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Evil stuff... The previous people one our vegetable plot had laid it down between the rows of raspberry canes. All that it did we provide an ideal hiding place for giant mutant bindweed roots to hang out. I ripped the whole lot out this year and the root mat beneath was like a snake scene from a horror movie. I think I pulled out close to a cubic meter of bindweed roots from that one area - no wonder our weeding efforts had proved futile!
 
Charles Tarnard
Posts: 337
Location: PDX Zone 8b 1/6th acre
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Michael Cox wrote:Evil stuff... The previous people one our vegetable plot had laid it down between the rows of raspberry canes. All that it did we provide an ideal hiding place for giant mutant bindweed roots to hang out. I ripped the whole lot out this year and the root mat beneath was like a snake scene from a horror movie. I think I pulled out close to a cubic meter of bindweed roots from that one area - no wonder our weeding efforts had proved futile!


My experience is that it gives burrowers a lovely shelter to run between all your roots. It's like a little roof for their burrows. I don't have a big rodent problem (thank you next door neighbor cats!) but before those cats moved in we did and every time I pulled it up there were a number of little burrows running right under the mat.

I don't know who manufactures the weedblock, but if they're in any way related to herbicide and fertilizer producers (as I suspect), it's a pretty impressive racket.
 
Charles Tarnard
Posts: 337
Location: PDX Zone 8b 1/6th acre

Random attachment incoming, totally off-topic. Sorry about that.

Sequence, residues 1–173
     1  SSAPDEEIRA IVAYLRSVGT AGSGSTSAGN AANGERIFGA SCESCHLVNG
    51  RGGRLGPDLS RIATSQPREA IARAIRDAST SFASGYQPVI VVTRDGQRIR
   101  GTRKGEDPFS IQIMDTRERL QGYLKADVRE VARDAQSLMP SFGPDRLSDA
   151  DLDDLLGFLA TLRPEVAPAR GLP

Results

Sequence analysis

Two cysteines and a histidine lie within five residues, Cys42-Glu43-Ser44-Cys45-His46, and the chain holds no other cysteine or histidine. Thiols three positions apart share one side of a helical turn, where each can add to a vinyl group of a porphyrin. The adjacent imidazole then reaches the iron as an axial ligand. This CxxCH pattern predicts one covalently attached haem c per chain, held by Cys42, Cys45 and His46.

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The wife tracked down an arborist. Which means my work can get completed (yes!!!), but the couple week lull I thought I was getting is gone (meh).

 
Charles Tarnard
Posts: 337
Location: PDX Zone 8b 1/6th acre
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I wanted to brag on how much work I got done in a short time. Even though I haven't kept it as clean as I wanted (curse you soccer season!), there is a ton of growth where there was once grass and a few shrubs.

Here's a pic from a few years ago, before I had grown any of my own food. Apart from street trees, this is what my yard looked like last year at this time.



And a few days ago.



Certainly, mistakes were made in the 'spring planting execution' department . I did some cover cropping when I should have done some static mulching, I got way too many annuals, among other things, but I'm not too worried about any of that, because I have a much better plan going into fall and next spring and if you like explosions of green things, I have that.

Another angle:



Reasons to be excited:

This tree has never born fruit, and the whole thing looks a little like this:



And also too, strawberries:

 
Miles Flansburg
steward
Posts: 3981
Location: Zones 2-4 Wyoming and 4-5 Colorado
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That looks much better, Nice job!
 
Charli Wilson
Posts: 302
Location: Derbyshire, UK
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The before and after pictures really show the difference, it looks awesome! Well done.
 
Tristan Vitali
Posts: 313
Location: south-central ME, USA - zone 5a/4b
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cat dog duck food preservation forest garden fungi solar trees
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Transformation! I love it!

Well done man...well done
 
Susan Pruitt
Posts: 86
Location: North Carolina, USA Zone 7b
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Very cool you crazy gardening guy you! You deserve to brag, with a family, sports, and presumably a job - the transformation shows fortitude and it's very attractive. I like the way you're allowing yourself time and space to learn and experiment - something I struggle with. What a thrill to get some fruit. Keep having fun and sharing with us!
Susan
 
Charles Tarnard
Posts: 337
Location: PDX Zone 8b 1/6th acre
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You guys are awesome. Thank you very much.
 
Charles Tarnard
Posts: 337
Location: PDX Zone 8b 1/6th acre
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Lazy winter. But pretty green things are getting me off my butt.

Did a thing today. I've never thought of spirals as the most effective way to make things grow, but they look nice and I have a bunch of huge rocks that are in the way elsewhere so...
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Spiral